Current Issue: Volume 57, Number 3
Gillian Lester, Dean and the Lucy G. Moses Professor of Law at Columbia Law School, pays tribute to Richard N. Gardner.
Ambassador of Spain Miguel Angel Navarro pays tribute to former Columbia Law professor, Richard Gardner.
Joel Reidenberg, Chair and Professor of Law, Fordham University and Founding Director of the Fordham Center on Law and Information Policy, pays tribute to Richard Gardner.
Michael Sovern, Chancellor Kent Professor of Law, Columbia Law School, and President Emeritus of Columbia University, pays tribute to renowned former Columbia Law professor, Richard Gardner.
Lori Damrosch, Hamilton Fish Professor of International Law and Diplomacy at Columbia Law School, pays tribute to Richard Gardner.
Douglas Doetsch, head of Mayer Brown’s Latin America/Caribbean practice, pays tribute to Richard Gardner.
Clare Gardoll, Operations Officer for the International Finance Corporation, World Bank Group in Sydney, Australia, pays tribute to Richard Gardner of Columbia Law School.
Sean D. Murphy, Manatt/Ahn Professor of International Law at George Washington University and the President of the American Society of International Law, honors Richard N. Gardner.
Gordon M. Goldstein, managing director at Silver Lake and adjunct senior fellow at the Council on Foreign Relations, pays tribute to Richard N. Gardner.
Suyash Paliwal pays tribute to Richard N. Gardner.
This Article explores the institutional role monetary mechanisms play, or could play, in work migration programs. The Article first explores the role of informal recruitment fees in this context. The Article then analyzes different monetary bond and reward models and the ways in which they can address the screening and enforcement challenges that are created by the structure of guest worker programs and exacerbated by fees. Acknowledging the virtues as well as the limitations of monetary regulation in the context of work migration calls for further creative thinking about institutional design in this field.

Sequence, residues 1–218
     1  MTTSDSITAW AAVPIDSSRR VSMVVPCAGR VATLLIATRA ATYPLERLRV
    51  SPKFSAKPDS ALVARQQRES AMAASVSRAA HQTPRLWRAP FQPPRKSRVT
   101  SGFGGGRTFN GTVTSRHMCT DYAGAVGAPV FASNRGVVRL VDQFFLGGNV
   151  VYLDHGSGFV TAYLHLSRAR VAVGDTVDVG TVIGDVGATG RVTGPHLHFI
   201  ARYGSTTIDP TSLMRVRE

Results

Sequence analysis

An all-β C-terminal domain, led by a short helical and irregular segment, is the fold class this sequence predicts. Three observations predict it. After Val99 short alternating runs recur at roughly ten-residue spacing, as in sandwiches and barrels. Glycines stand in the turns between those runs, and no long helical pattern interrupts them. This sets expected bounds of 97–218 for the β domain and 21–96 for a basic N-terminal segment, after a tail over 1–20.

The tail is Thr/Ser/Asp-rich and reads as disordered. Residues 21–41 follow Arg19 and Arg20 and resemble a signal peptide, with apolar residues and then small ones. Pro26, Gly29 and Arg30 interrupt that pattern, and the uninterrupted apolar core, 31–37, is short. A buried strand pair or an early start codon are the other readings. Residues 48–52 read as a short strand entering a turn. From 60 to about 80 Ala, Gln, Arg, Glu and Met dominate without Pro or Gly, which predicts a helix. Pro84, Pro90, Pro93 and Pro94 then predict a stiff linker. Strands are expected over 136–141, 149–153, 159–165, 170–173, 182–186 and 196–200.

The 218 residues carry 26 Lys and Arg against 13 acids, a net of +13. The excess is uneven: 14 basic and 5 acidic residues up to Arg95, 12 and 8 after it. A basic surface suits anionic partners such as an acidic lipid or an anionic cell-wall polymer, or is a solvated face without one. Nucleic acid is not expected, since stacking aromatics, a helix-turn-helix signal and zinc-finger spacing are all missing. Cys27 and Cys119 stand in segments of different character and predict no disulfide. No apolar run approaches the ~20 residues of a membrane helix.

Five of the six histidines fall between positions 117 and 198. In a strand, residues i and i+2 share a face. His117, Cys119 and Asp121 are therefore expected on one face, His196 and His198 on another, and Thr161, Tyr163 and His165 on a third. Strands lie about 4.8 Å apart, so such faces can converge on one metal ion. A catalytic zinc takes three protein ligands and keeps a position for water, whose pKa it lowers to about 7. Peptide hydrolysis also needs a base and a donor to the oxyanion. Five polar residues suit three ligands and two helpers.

After a controversial announcement about its new ISIL repatriation plan in early November, Turkey has officially started sending captured Islamic State militants back to their countries of origin. This move has caused significant uproar in the international community...
The World Trade Organization (WTO) Appellate Body is facing an impending crisis and will be unable to meet quorum and review appeals, as two of its three Members have terms set to expire on 10 December 2019. The Appellate Body can be composed of up to seven members,...
Dual Citizenship in the United States: The Consequences of Reluctant Acceptance without Formal Recognition
With more countries relaxing, removing, or considering removal of restrictions on dual citizenship, the trend towards a more tolerant acceptance of such statuses– frequently attributed to the effects of globalization – is a long overdue response to the new reality of...
This post discusses the recent case of Google v. CNIL. The decision is available here. The supreme court of the European Union, The European Court of Justice (ECJ), ruled on September 24 that the “right to be forgotten” only applies within the boundary of EU member...
On October 2, 2019, World Trade Organization (WTO) delivered its judgment on the United States’ complaint against the European Union for illegal government subsidies to the jet maker, Airbus. In its decision, WTO authorized President Trump to impose tariffs on...